The bird’s-eye-view of the Mistral shows its stunning dimensions and how a Chiron hypercar would appear if the roof was chopped off
In theory, it should be able to exceed the 300mph mark, though there is no official word on its top speed until everything is verified
Bugatti says its Mistral will offer ‘performance unlike any open top car that has gone before’. However, that might not be the case. That’s because US brand Hennessey has also just unveiled its own competitor – the Venom F5 Roadster, which is claimed to be able to hit speeds of over 300mph
Bugatti Mistral vs Hennessey Venom F5 Roadster: Which will take the crown as fastest open-top car ever?
On sale: Now (sold out)
Production: 99 examples
Engine: 8.0-litre quad-turbocharged W16 petrol
Top speed: TBC
Transmission: 7-speed dual clutch automatic
HENNESSEY VENOM F5 ROADSTER
On sale: Now
Production: 30 examples
Engine: ‘Fury’ 6.6-litre twin-turbocharged V8 petrol
Top speed: TBC
Transmission: 7-speed single-clutch automated gearbox
That’s because the Hennessey also plans to better its own roadster record with the unveiling earlier this week of the F5 Venom Roadster.
While the Texas company’s open-top hypercar has only a twin-turbo V8 motor, it is claimed to produce a massive 1,817bhp – that’s 239 horses more than the Mistral, despite the latter having twice as many cylinders and less engine capacity.
Hennessey says it expects the F5 Venom Roadster to exceed 300mph, though hasn’t confirmed how fast it will go flat out when its detachable roof is removed and the driver is exposed to the elements.
Bosses at the American brand say its top speed will be verified around next year – which could create a mouth-watering competition with Bugatti, should the latter want to prove the Mistral is the outright record holder for a roof-down production machine.
In terms of design, Bugatti says its new car is a ‘modern-day work of art’.
It features a curved windscreen that seemingly wraps around the A-pillars like a helmet visor.
The French brand says this is a ‘marvel of engineering’, with the huge piece of glass curved just enough to create the rounded shape without distorting the driver’s vision.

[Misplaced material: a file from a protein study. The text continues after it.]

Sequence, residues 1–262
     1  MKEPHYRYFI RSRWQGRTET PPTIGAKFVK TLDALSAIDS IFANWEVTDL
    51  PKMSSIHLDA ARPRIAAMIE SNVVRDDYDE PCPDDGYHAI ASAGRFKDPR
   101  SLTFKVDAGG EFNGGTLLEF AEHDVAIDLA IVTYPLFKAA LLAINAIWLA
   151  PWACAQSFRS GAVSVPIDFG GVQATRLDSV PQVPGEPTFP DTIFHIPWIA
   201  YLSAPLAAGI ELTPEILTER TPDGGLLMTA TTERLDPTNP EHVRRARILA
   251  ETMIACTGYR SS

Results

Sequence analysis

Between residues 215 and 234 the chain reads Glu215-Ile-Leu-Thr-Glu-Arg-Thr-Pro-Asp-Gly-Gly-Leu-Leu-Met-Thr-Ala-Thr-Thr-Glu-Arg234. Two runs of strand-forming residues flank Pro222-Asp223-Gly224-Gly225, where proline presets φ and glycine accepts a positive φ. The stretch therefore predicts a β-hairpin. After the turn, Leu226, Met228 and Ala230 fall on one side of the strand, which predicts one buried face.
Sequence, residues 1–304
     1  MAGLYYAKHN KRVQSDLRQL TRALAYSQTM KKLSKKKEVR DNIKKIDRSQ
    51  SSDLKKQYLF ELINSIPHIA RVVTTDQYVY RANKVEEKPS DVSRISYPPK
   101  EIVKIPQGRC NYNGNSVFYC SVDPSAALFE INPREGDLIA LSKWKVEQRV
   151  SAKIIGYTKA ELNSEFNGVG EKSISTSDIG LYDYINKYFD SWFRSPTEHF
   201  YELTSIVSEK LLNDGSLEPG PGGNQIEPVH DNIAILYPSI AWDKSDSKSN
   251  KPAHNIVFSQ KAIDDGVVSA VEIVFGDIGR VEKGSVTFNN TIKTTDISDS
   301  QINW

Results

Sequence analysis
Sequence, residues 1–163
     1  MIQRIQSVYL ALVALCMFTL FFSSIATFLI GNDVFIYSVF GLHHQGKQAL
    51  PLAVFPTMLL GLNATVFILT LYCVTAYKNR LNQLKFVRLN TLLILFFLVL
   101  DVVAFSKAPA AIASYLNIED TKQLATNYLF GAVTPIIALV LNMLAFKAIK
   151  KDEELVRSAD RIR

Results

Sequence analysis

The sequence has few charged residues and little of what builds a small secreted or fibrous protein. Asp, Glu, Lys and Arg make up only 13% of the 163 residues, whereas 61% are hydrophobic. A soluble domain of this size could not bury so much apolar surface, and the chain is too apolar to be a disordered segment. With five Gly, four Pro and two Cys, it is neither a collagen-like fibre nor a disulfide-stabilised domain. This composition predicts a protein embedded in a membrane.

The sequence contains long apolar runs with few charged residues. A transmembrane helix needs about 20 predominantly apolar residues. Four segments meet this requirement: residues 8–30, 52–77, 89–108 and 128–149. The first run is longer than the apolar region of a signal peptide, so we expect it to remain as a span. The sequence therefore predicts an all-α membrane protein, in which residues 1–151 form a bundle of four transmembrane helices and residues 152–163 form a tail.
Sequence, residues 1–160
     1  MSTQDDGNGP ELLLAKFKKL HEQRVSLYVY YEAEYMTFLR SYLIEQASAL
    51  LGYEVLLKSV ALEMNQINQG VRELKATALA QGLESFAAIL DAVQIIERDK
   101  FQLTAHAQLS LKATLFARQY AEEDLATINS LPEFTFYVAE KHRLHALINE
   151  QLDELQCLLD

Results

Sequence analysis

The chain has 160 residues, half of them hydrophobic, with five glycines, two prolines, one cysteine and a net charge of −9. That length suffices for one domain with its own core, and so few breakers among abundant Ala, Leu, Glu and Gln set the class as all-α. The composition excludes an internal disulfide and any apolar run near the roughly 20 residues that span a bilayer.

One of the standout features is the car’s new curved windscreen. It wraps around the A-pillars like a helmet visor, though the curvature does not hamper visibility in any way, Bugatti says
It keeps the traditional horseshoe grille, though this is flanked by different headlights that are specifically shaped so that they funnel air through the vent above the cluster and out through the wheel arches to improve aerodynamic drag. At the back is a new ‘X-taillight’ cluster that’s bespoke for the Mistral and also have a functional design to expel heat from the W16 engine efficiently
‘Mistral’ shares its name with the powerful wind that blows through the picturesque Côte d’Azur in southern France and into the Mediterranean
While much of the Chiron looks have been retained, they have been tweaked for the top-down variant.
It keeps the traditional horseshoe grille, though this is flanked by different headlights that are specifically shaped so that they funnel air through the vent above the cluster and out through the wheel arches to improve aerodynamic drag.
The oil cooler intakes on the side have been separated from the engine air intake, which now sit on the roof behind the occupant’s head, to cool the W16 motor but also achieve optimum airflow but also double as protection for the driver and passenger should the car roll over.
At the back is a new ‘X-taillight’ cluster that’s bespoke for the Mistral and also have a functional design to expel heat from the W16 engine efficiently.
Inside, the cabin is as glorious as you would expect from a £4million-plus hypercar. All the switches on the centre console and dashboard are milled from lightweight titanium
The leather is the finest grade available and many of the metal components are made from single pieces of aluminium
The engine air intakes above the driver and passenger’s head are made from carbon fibre. Not only do they funnel cool air into the massive engine but double as crash protection if one of the 99 cars was to flip over
Inside, the cabin is as glorious as you would expect from a £4million-plus hypercar, with all the switches milled from lightweight titanium, many of the components made from aluminium and the finest-grade leather.
‘What we continue with W16 Mistral is a legacy of Bugatti roadsters, each of them incomparable in design, performance and rarity, which stretches right back to the genesis of Bugatti,’ Mate Rimac added.
‘The Type 40, Type 41 Royale, Type 55 Roadster, Type 57 Roadster Grand Raid that inspired this car, or even the incredible elegance of the Type 57 SC Corsica Roadster – Bugatti has always been associated with the purity of open top driving.
‘So even though the legacy of the road-going W16 ends with the W16 Mistral, we continue the legacy of the roadster, first established by Ettore Bugatti more than a century ago.’
CARS & MOTORING: ON TEST
Some links in this article may be affiliate links. If you click on them we may earn a small commission. That helps us fund This Is Money, and keep it free to use. We do not write articles to promote products. We do not allow any commercial relationship to affect our editorial independence.